This is part of the sixteenth section of our
around the world trip.
Complete Trip Overview & Map
Coming from the Fifteenth Section, United Kingdom
29/12/09 After 34 hours from leaving our children's
home to arriving at the hotel in Slough we were tired and jetlagged, it
also being a ten hour time differential. Hopefully the worst part of
travelling now over.
30/12/09 In 2 degrees and drizzle we caught a taxi
to Thames Valley H-D in Slough. Our motorcycle has been on display at
their dealership for the last two months. After a warm welcome we
started fitting, with the occasional assistance of their mechanic,
Darren, new front and rear sprockets, new belt, swing arm and clutch,
all well worn parts. It took the entire day working at a motorcycle
hoist, quite a luxury compared to the roadside repairs we are used to.
Collapsed back at the hotel early evening.
31/12/09 Back to Thames Valley H-D at 9am to finish
off the motorcycles repairs and repacking our gear for the upcoming
trip. Luckily it is the quiet riding season as we had gear spread out
all over the workshop much of the morning. By midday we had finished
and a test ride indicated the work was successful, well after I had
readjusted the clutch cable, always something missed. Overloaded (as
always), it was a short ride to a cheaper hotel at the Beaconsfield
motorway service centre, to regroup for a couple of days, and get over
jetlag, and where we saw in the Australian new years eve at 2pm UK time
but slept through the UK celebrations ten hours later. Neil and Paul at
the Thames Valley H-D looked
after us exceptionally well, storing the
motorcycle, and the old engine, and allowing us to work on our
motorcycle in their workshop, much appreciated, thanks.
1/1/10 Having left 30 degree days for 4 degree days
is a bit of a temperature shock, particularly when on a motorcycle, and
with most shops closed for new years, it was a quiet day at the
motorway hotel. We oscillated between our small Etap hotel room and the
roadside services coffee shops, internetting and just relaxing, still
catching up on jetlag.
2/1/10 With H-D in the US showing little interest in
renovating our old engine we packed all its pieces back into a wooden
box with the idea of shipping it back to Australia, for us to renovate
sometime in the future. Said goodbye to the
staff at Thames Valley H-D, and after joining customers at their
regular Saturday morning coffee at the store,
left for another quiet evening
at our Etap hotel.
3/1/10 With conditions unusually cold, even for the
UK at this time of year we ventured outside sparingly, just a walk for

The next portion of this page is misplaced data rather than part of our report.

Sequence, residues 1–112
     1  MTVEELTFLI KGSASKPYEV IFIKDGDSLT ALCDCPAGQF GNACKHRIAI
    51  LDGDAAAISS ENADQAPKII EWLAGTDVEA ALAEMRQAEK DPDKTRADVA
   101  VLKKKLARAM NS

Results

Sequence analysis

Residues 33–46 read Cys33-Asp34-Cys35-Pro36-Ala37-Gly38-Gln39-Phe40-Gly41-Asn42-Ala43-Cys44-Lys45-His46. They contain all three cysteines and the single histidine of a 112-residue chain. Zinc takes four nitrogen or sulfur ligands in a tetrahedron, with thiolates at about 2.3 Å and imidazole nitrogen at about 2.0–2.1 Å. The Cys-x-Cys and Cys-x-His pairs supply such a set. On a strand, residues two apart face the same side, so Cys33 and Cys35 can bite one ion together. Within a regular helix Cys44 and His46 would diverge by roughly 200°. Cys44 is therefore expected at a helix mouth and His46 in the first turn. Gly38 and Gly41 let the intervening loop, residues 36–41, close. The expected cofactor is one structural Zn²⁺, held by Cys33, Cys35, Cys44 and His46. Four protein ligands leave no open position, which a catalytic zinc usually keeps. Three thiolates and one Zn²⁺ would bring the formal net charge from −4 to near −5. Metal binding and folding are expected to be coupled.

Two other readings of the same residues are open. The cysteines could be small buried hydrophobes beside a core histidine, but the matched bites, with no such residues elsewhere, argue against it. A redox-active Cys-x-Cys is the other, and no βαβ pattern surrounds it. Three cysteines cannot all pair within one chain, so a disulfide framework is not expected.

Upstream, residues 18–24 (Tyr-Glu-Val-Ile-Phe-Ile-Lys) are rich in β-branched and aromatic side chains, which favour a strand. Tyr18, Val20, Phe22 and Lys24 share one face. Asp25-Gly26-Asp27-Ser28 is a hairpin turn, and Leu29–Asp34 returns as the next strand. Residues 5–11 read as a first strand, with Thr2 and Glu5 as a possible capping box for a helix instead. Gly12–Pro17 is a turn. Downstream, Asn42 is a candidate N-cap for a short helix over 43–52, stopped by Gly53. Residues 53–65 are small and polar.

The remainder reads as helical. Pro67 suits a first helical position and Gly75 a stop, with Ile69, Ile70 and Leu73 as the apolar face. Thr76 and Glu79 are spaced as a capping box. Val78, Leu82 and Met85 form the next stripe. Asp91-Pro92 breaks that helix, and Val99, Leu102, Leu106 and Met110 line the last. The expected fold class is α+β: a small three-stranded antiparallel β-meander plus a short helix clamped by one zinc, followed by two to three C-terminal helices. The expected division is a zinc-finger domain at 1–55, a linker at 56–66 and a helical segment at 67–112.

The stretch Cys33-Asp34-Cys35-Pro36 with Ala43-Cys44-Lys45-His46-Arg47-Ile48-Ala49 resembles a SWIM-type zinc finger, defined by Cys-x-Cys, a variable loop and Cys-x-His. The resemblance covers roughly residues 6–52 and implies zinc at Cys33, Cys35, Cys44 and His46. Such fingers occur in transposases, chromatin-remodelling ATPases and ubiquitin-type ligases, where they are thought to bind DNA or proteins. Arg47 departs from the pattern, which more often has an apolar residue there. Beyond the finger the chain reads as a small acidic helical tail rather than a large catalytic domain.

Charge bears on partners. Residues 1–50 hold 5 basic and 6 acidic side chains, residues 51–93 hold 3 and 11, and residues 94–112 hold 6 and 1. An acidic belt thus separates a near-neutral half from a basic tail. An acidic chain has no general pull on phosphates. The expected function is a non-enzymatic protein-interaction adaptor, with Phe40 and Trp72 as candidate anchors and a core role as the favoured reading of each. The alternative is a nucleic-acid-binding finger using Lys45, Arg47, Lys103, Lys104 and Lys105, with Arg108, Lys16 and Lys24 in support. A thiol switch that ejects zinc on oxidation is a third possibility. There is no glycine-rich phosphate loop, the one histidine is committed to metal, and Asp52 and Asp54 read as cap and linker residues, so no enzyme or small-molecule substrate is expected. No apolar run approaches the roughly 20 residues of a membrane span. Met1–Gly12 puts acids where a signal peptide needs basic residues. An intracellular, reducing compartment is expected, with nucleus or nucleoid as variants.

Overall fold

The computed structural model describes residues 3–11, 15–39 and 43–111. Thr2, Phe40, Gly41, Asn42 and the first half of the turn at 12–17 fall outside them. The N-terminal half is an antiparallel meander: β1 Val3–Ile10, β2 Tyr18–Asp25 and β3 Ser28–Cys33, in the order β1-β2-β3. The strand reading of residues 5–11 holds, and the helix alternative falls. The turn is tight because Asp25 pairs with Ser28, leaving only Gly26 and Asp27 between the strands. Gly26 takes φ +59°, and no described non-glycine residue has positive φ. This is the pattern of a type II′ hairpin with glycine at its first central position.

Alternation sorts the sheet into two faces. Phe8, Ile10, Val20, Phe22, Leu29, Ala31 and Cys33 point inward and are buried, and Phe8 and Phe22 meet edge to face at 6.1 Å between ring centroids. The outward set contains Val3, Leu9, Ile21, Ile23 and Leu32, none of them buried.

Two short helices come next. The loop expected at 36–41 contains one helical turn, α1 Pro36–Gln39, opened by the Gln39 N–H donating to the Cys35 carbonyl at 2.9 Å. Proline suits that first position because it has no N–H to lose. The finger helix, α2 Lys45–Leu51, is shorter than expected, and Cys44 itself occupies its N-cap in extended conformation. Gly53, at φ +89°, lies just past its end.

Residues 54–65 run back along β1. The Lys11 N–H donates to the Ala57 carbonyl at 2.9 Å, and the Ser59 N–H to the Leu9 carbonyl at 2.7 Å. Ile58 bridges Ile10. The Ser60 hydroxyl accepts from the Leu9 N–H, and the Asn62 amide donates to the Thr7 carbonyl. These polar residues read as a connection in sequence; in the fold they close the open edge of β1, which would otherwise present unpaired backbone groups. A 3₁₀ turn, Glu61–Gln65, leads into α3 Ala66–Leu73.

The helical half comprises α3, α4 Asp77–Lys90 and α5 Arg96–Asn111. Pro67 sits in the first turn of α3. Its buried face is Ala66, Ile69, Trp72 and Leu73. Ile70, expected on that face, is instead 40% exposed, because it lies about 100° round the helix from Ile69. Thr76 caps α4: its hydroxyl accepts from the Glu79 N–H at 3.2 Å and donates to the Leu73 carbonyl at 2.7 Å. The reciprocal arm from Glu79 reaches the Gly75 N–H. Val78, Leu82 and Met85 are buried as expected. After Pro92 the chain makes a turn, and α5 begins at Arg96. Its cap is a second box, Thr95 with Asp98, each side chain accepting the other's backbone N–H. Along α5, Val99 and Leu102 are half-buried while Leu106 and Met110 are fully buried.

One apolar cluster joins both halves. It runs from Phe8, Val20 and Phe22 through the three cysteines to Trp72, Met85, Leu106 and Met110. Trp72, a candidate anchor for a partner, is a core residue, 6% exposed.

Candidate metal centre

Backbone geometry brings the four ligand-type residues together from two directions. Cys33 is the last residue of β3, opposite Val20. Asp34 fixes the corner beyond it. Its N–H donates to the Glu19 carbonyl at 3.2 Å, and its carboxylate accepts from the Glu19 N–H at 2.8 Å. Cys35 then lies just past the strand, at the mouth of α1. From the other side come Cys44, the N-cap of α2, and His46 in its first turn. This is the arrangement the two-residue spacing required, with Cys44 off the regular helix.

some exercise, else it was another quiet day.
4/1/10 Grant and Susan, Horizonsunlimited fame,
had invited us to stay with them, and store our motorcycle there for
the week we would be in Norway, so it was a cold ride to their place in
East London. Their new DVD, "On The Road", the third one to be produced
in the series, had recently been released, and Kay and I featured
fairly extensively, (guess we have been On The Road for a while), along
with many other motorcycle travellers, most of whom we have met, also
featured, so it was an evening watching the first in the two DVD
set. Perhaps we are a little biased, but it was a most enjoyable watch.
For us, more reminiscent, and it was interesting seeing the differing
opinions of how to approach or do different things, and we still
to see a couple of different ways to approach situations, ones we
5/1/10 We had missed seeing
the Northern Lights when
above the Arctic Circle in the summer of 1998, their normally being a
winter phenomenon. We also haven't had
the opportunity for an extended
stay in a winter environment, so with an incredibly economical air
ticket we booked a weeks stay in Tromso, Norway.
Kay is also keen to go
dog sledding. Our flight was due to leave at 8.00pm. A storm was
scheduled to arrive at 8.00pm. Our plane out of
Gatwick Airport was
delayed an hour, the storm wasn't. Snow started falling as we waited in
the departure hall. By the time we boarded at 8.45pm there was a few
centimetres of snow on the runway and aeroplane. A de-icer was called
for but the runway closed at 9.02pm, and we were to be the next
scheduled departure. It took the airport another three hours, not till
12.15am, did we depart the aircraft, and all the time we were advised
hotels were being arranged for the passengers. A summary of what
transpired next is recorded in the below email I subsequently sent to
the relevant authorities for comment.
I address this email to Norwegian Air, Servisair, Gatwick Airport Authority, Customs and Excise, Transport User Council and the as I believe all should be concerned with what happened regarding this flight.
My wife and I were on flight DY 1321 out of Gatwick Airport on the 5th of January 2010 scheduled for Tromso, Norway
There was an initial delay in the scheduled departure from 2000 to 2100 and a later delay due to adverse weather.
Despite the runway closing at 2102 passengers were left on the aircraft till 0015, more than three hours after the runway closure?
Whilst passengers were given generous meal vouchers in the airbridge when departing the aircraft, (and we thank you for that generosity) that was the last time we saw any ground staff. There were no staff available to offer any advice on accommodation, possibility for onward travel or transport from the airport. The only information passengers had was just prior to leaving the aircraft, when staff advised we would be escorted and bused to accommodation.
No passengers were handed the leaflet "Passenger Notice - Delayed Flights" as required by European Law, Regulation (EC) 261/2004
Passengers disembarked through the inbound terminal, collected checked in luggage from the carousel, were checked by immigration and left the airport.